You Stay Classy, Planet Earth

Normally when reading the Amherst Student over my morning cup of watered down/sugared up Full Moon roast, I smile, nod, then carry on living my life. Yesterday was not so simple.

“Those who only take the teachings of Jesus as a ‘life philosophy’ without acknowledging His divinity are not Christians.” Yesterday’s article synthesizing Christianity and Environmentalism was undoubtedly compelling though admittedly exasperating. I’ve been in flux about what I believe in for quite sometime now, and what follows is certainly not meant to condemn religion but rather to reflect on and understand my own problems with it.


The article essentially attempts to draw a parallel between a Christian moral code and how we should interact with our environment: the Bible tells us that because “God created the planet he cares about the planet” we, therefore, have a moral obligation to do the same thing. The Christian moral system, then, is ultimately ideal for bringing about environmentally friendly rapport and change.

But this discourse actually sheds light on myriad conflicts in religious dialogue that really don’t do much to solve problems of any kind, let alone environmental ones.

Right off the bat we have quite a bit of exclusionary language that is unfortunately pretty typical for Christian rhetoric. Christians have a moral standard, those who regard this moral standard as philosophical and not divine are not and cannot be true Christians,and so on. In other words, Christians and ONLY Christians have the capacity to adopt such a moral code. What about about Jewish, Muslim, Buddhist, Hindi, or atheist men and women? Are they incapable of having an adequate moral agenda to incite social change and growth? Obviously not. If I distance myself from all religions, not just Christianity, does this mean that I have no moral compass? No. It simply means that things OTHER than religion inform my capacity to determine right from wrong. A particular person’s religion does not necessarily dictate moral coding. This was, by the way, a cultural instrument of social exclusion and aggressive ‘otherness’ that was characteristic of the Roman Empire and the Middle Ages, when Catholics argued that because the Jewish population rejected Catholicism they by default operated under a different, and therefore inferior, moral code.

That we would desire to care for and improve the health of our planet only when commanded to do so by a debatably shapeless entity completely disregards, even discourages, the existence of human agency. There are Christians who ostensibly don’t give a damn about the environment. There are Christians who do. This has nothing to do with their being Christian, but rather in their individual makeup.


Using the Bible as proof for anything is also highly problematic, particularly salient in its mobilization as a major justification for Christian oppression and violent abuse of homosexual men and women; or more generally, the oppression and violent abuse of anyone who isn’t Christian. To argue that “because the Bible says so, we are obligated do it” essentially means adopting a ‘moral’ framework with historically ancient origins that are no longer relevant, and probably shouldn’t be, in today’s modern age. Modern Christians are fine with rejecting homosexuals from their basic civil rights but they wouldn’t stone someone in public. Both appear in the Bible, yet one continues to exist because it very successfully enables the Christian order to impose that same medieval ‘otherness’ on those who fail to meet their ‘moral’ (aka religiously compatible) standards. Picking and choosing what to imitate from religious texts is a hypocritical abuse of their alleged ‘sacredness.’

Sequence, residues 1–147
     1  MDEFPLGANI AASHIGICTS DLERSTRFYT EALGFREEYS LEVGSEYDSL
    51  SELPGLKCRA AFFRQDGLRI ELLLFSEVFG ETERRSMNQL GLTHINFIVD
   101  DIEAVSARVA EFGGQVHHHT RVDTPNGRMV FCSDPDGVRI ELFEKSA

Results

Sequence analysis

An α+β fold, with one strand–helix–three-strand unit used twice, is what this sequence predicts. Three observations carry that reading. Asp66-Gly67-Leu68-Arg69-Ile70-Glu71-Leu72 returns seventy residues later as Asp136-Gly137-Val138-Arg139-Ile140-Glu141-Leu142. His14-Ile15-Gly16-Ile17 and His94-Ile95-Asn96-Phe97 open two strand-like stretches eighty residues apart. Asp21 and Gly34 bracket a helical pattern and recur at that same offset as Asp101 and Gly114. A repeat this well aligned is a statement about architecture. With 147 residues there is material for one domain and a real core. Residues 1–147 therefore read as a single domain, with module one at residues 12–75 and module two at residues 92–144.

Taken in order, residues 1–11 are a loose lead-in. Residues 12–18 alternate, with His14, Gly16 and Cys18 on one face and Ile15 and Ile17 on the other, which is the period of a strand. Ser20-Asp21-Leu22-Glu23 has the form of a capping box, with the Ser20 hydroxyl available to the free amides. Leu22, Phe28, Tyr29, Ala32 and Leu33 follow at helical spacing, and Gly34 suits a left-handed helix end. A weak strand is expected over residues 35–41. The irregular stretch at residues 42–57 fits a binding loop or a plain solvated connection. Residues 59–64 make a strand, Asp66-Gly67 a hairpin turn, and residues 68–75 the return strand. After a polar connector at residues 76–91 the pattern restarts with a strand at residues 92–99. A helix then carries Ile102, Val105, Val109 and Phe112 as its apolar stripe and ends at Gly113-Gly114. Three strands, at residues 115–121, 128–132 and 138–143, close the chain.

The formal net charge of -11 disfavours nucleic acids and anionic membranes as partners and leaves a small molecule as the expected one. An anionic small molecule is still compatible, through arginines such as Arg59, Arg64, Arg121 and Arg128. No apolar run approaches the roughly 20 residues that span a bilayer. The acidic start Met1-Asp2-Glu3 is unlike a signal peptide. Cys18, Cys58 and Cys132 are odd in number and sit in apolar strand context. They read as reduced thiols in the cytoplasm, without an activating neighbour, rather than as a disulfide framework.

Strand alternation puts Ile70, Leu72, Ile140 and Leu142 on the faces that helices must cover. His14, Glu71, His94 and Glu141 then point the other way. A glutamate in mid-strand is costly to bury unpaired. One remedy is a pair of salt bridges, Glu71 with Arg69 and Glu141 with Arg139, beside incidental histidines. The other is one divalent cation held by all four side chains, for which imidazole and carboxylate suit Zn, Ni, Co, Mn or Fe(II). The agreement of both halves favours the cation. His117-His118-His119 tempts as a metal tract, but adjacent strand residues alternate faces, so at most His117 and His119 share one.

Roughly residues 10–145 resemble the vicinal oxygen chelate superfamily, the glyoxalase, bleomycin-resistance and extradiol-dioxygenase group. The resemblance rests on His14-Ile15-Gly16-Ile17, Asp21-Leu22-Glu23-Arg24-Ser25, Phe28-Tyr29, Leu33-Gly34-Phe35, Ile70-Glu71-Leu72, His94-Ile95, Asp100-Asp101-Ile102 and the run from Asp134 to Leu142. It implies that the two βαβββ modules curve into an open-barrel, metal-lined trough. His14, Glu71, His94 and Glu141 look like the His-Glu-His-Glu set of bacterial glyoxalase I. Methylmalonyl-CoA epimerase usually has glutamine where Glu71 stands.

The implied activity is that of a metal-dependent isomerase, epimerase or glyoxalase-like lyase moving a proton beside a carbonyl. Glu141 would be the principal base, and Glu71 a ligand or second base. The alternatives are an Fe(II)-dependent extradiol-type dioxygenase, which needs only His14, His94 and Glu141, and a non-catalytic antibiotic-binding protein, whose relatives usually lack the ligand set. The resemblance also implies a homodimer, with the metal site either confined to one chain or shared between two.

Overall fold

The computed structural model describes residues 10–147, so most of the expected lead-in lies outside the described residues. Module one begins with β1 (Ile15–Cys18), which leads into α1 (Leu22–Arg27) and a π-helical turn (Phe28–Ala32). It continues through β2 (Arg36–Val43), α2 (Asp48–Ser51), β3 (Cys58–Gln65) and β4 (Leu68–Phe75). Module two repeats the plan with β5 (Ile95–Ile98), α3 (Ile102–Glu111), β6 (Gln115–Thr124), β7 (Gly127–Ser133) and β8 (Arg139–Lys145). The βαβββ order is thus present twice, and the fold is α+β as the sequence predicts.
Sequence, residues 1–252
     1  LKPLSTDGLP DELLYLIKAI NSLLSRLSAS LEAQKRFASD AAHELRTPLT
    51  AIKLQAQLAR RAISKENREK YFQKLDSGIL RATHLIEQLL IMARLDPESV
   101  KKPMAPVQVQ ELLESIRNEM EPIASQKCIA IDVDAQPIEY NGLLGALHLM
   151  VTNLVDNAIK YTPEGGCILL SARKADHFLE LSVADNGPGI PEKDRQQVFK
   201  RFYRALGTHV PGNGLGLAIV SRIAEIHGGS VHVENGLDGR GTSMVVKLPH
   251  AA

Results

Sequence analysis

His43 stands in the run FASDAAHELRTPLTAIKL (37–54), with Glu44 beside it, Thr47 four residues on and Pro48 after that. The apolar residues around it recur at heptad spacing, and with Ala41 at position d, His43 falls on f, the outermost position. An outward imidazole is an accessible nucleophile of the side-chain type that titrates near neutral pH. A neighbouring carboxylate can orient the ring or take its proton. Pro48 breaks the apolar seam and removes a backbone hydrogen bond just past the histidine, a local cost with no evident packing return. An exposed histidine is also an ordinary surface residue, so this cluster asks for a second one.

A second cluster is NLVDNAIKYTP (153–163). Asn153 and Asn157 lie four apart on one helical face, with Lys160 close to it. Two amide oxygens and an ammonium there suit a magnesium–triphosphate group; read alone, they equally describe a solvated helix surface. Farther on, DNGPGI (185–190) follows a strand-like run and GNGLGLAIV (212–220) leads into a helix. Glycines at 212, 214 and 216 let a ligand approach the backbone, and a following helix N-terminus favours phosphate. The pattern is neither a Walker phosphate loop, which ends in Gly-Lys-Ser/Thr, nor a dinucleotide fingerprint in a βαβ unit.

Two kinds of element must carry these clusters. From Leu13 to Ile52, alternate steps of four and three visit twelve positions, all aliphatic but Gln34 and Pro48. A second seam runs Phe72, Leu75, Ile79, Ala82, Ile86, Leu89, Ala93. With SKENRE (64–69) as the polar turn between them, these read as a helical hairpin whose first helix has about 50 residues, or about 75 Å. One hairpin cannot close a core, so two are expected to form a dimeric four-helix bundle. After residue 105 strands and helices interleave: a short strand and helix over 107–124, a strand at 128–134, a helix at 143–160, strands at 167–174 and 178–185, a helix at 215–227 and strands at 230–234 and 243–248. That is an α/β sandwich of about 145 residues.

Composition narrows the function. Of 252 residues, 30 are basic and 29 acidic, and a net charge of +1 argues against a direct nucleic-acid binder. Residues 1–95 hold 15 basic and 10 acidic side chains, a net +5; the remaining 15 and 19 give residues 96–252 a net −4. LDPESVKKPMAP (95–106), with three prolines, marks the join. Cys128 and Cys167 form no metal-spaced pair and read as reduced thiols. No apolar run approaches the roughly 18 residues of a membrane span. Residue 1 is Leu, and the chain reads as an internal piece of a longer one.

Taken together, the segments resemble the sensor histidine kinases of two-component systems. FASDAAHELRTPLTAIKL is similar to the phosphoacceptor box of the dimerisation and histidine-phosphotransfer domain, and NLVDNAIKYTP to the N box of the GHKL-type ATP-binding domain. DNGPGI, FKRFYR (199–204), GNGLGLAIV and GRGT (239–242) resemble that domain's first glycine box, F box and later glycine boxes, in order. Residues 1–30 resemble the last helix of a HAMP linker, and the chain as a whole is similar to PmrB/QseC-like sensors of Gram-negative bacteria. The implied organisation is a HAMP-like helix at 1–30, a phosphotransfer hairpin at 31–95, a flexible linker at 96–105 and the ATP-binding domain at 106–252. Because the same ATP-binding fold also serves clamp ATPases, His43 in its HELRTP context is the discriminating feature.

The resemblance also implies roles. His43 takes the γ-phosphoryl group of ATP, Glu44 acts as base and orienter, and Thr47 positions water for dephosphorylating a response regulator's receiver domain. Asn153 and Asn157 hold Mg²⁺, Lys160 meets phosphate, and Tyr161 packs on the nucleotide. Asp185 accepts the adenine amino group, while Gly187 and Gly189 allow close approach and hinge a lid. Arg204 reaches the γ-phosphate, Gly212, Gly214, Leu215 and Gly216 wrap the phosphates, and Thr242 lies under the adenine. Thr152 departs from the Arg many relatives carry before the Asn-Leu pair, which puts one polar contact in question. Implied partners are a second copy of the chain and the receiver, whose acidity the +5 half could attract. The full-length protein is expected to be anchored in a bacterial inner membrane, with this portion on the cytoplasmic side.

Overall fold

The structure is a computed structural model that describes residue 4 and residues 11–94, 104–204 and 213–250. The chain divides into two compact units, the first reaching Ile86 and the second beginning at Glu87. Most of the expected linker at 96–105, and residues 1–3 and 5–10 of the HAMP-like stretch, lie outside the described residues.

Lastly, this kind of vague, ambiguous “we should care about and love our planet” language provides no means for effective change. Fine, we should care about it. My West Highland Terrier could have told me that. Now how does that translate into action? If the goal of environmentalism is a drastic repaving of how human beings interact with their environment what does this passive, nuanced language have to offer? Very little. It merely makes those hiding behind their morally Christian curtain feel a little bit better about the fact that they’re doing much to bring about change of any kind.

When considering the role religion has (or does not have) in how we and the people around us formulate opinions, I think it’s crucial not only to understand what those arguments consist of but also what they leave out. Sure, Christianity, like all religions and variant forms of spirituality, undoubtedly has its merits. But sadly human radicalism and bigotry has largely convoluted Christianity into an enterprise often (though not always) defined by hypocrisy, judgement, and exclusionary tactics. Environmentalism may need a moral framework to function smoothly, but whether Christianity is (or even should be) authorized to preside over that framework remains to be seen.